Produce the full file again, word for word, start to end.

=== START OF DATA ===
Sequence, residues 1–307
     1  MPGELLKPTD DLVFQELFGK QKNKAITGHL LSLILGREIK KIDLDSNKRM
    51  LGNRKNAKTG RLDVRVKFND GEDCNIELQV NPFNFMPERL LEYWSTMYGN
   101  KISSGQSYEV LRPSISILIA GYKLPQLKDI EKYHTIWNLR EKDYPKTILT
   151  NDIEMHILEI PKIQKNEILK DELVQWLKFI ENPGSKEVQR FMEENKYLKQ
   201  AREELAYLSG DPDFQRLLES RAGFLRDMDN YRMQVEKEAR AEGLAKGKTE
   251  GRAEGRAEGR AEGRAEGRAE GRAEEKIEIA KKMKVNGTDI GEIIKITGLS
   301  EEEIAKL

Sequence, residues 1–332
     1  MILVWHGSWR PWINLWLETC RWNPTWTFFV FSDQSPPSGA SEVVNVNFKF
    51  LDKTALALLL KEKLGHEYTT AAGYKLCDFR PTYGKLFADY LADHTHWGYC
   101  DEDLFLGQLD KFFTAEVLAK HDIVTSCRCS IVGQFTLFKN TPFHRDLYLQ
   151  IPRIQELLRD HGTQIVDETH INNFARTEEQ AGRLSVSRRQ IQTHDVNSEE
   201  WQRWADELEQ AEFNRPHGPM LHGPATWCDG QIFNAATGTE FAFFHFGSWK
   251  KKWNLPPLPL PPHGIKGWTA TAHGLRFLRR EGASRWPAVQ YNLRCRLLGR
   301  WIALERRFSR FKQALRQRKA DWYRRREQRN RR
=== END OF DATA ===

Sequence, residues 1–307
     1  MPGELLKPTD DLVFQELFGK QKNKAITGHL LSLILGREIK KIDLDSNKRM
    51  LGNRKNAKTG RLDVRVKFND GEDCNIELQV NPFNFMPERL LEYWSTMYGN
   101  KISSGQSYEV LRPSISILIA GYKLPQLKDI EKYHTIWNLR EKDYPKTILT
   151  NDIEMHILEI PKIQKNEILK DELVQWLKFI ENPGSKEVQR FMEENKYLKQ
   201  AREELAYLSG DPDFQRLLES RAGFLRDMDN YRMQVEKEAR AEGLAKGKTE
   251  GRAEGRAEGR AEGRAEGRAE GRAEEKIEIA KKMKVNGTDI GEIIKITGLS
   301  EEEIAKL

Sequence, residues 1–332
     1  MILVWHGSWR PWINLWLETC RWNPTWTFFV FSDQSPPSGA SEVVNVNFKF
    51  LDKTALALLL KEKLGHEYTT AAGYKLCDFR PTYGKLFADY LADHTHWGYC
   101  DEDLFLGQLD KFFTAEVLAK HDIVTSCRCS IVGQFTLFKN TPFHRDLYLQ
   151  IPRIQELLRD HGTQIVDETH INNFARTEEQ AGRLSVSRRQ IQTHDVNSEE
   201  WQRWADELEQ AEFNRPHGPM LHGPATWCDG QIFNAATGTE FAFFHFGSWK
   251  KKWNLPPLPL PPHGIKGWTA TAHGLRFLRR EGASRWPAVQ YNLRCRLLGR
   301  WIALERRFSR FKQALRQRKA DWYRRREQRN RR